A positive is the student is faced with a realistic time slot for future practice arrangements. For me personally, I think it will be a big challenge to get a full history and exam with the allotted time, especially with all the discussion that is involved with the clinicians that also takes time. Another positive to the new schedule is that it will eventually allow the intern to see four patients a shift. This will add ease to those that are behind on their numbers to graduate.  

Another change

The other change is the individual evaluations given daily by the clinicians. Each intern will be evaluated by his/her clinician daily with a weekly prognosis sent by email. I appreciate this because the intern can see their growth through their time as an intern.  It can also be a good tool for the student to ask questions on how to improve if their comments did not meet their expectations.

Currently, the process is in a transition because each clinic shift receives a letter grade that reflects our number score of the average of the evaluations. We as a student body are requesting that this change to a pass or fail system, so as it will not affect our grade point average. This is important to those that rely on scholarships to help fund their schooling. It is hoped that with time everything will fall into place.

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Dr. Hyundo Kim is pictured above. He is my Monday clinician as well a previous professor. Dr. Kim provides us with much knowledge of differential diagnosis as well as how to create great herbal formulas.

9,000 Needles

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All those wondering about the effectiveness of acupuncture should save the date, 3/15 and 3/16 at 7pm to come to National University to see the famous film "9000 Needles." The film follows a 40-year-old stroke victim who after exhausting all of his other options travels to Tian Jin University in China, to see what acupuncture and Chinese Medicine has to offer in aiding his recovery. After the film, one of my favorite professors will be speaking about his experience with stroke. Dr. Yihyun Kwon received his DAOM in China and wrote his thesis on stroke.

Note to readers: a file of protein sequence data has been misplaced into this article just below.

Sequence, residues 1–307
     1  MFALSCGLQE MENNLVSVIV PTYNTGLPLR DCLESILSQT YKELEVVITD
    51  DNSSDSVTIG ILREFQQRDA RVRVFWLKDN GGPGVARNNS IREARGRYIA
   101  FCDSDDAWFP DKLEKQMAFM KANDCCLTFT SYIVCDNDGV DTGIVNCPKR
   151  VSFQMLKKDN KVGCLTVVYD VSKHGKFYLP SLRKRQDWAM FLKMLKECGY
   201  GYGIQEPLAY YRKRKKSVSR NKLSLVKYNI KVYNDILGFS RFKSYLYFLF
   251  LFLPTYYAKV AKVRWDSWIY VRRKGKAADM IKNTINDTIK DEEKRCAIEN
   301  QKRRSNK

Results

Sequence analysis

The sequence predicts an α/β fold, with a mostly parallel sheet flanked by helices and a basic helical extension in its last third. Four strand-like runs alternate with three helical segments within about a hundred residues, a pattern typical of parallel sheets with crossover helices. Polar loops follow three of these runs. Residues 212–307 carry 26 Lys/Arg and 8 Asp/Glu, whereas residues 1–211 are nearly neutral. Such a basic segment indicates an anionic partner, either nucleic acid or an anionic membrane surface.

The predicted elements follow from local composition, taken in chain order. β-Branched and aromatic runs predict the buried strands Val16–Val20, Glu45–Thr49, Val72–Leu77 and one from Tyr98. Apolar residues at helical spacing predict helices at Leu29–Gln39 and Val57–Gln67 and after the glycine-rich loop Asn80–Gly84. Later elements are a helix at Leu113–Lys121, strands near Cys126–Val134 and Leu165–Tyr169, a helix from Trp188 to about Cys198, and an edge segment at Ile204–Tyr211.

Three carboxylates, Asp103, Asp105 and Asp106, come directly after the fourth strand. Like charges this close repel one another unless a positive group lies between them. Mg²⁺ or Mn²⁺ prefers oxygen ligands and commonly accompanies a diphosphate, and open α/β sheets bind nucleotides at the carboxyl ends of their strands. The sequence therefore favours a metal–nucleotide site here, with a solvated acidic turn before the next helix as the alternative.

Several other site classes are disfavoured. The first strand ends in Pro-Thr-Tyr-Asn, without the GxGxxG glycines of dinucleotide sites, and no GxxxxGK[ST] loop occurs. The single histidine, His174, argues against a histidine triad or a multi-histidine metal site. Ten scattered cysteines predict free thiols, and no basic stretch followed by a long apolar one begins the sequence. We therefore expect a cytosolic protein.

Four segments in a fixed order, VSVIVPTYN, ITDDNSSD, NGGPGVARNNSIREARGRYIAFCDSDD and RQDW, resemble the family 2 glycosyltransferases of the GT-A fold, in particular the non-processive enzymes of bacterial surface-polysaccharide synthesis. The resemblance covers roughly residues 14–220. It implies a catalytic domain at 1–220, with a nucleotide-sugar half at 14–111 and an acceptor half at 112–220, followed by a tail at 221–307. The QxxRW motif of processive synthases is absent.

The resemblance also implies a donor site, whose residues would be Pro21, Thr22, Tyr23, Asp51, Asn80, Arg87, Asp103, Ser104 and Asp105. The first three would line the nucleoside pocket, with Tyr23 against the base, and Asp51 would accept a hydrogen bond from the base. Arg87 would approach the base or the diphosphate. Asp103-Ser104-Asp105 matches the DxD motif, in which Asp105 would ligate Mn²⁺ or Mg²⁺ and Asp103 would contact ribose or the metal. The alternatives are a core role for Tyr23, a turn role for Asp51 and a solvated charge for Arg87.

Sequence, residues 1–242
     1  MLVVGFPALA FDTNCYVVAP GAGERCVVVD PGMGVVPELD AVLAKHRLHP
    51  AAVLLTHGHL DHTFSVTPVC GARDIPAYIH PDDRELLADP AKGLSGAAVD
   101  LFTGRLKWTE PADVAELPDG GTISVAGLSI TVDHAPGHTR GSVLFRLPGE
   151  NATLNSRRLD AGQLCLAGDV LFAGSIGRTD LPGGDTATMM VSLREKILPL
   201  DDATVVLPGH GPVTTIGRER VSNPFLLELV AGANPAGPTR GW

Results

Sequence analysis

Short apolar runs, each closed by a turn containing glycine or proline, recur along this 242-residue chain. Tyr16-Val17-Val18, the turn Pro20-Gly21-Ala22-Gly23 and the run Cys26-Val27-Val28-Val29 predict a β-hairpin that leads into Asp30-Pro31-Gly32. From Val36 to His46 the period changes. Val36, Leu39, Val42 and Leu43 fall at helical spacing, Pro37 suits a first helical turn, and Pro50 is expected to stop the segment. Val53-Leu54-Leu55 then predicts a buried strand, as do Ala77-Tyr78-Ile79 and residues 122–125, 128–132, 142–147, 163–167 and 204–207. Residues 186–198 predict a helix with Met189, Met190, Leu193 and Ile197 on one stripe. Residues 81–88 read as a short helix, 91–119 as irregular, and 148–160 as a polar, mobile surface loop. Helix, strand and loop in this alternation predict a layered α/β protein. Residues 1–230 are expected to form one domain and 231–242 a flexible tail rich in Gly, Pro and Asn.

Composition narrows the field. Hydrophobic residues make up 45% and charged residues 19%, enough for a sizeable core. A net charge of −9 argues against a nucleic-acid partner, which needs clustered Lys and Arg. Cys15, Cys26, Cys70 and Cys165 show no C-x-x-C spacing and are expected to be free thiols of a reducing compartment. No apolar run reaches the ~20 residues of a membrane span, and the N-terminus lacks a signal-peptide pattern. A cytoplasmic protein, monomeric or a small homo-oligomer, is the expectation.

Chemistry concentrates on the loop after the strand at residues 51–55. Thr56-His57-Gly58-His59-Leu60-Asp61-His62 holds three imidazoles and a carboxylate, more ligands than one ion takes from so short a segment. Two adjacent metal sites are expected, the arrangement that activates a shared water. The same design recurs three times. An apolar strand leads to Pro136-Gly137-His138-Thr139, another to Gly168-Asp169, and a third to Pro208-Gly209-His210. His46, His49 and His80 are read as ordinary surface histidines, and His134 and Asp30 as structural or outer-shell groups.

So don't miss it!!  The film will be showing in our Student Center. Hope to see you there :)

Psychopathology Midterm

Hey there, everyone, well I made it through my psychopathology midterm.  It was as I predicted, hard. There were 10 questions, three of which were essay and the others short answer.  One of the short answer questions was a seven-part essay with in-depth descriptions in each part. We had two hours in which to complete the task and I, like always, used the whole time but definitely could have used another half hour. I guess I am just a slow test taker.  

Herbal Seminar 4 Midterm

My second test was on Friday and even though I have studied throughout the trimester, I still feel like I didn't have a grip on all of the info, however, the test wasn't that bad. Herbal Seminar 4 also was essay and short answer questions. Essay questions are practical in this part of our education because they simulate a real patient. These herbal seminar classes take herbs to another level because not only do we need to know the function of the formulas (in pinyin), but also we now have to memorize every ingredient and dosage. Don't get me wrong, I am not complaining; I am preparing those future herbal students for what is to come.

So much coffee has made it difficult for me to sleep and a few nights I don't fall asleep 'til 4:00am, which is frustrating. So I did my body a favor and went to get acupuncture myself and Dr. Cai helped me modify a few formulas to suit my TCM pattern diagnosis. 

Elizabeth -Granules

Granules are an addition to the herb room. Granules are raw herbs but better because they are already cooked and all one has to do is dissolve them in hot water and drink. So of course, with my hectic schedule I prepared them in granule form. They look and smell so good. A plethora of colors!  But don't worry we still offer raw herbs and patent formulas.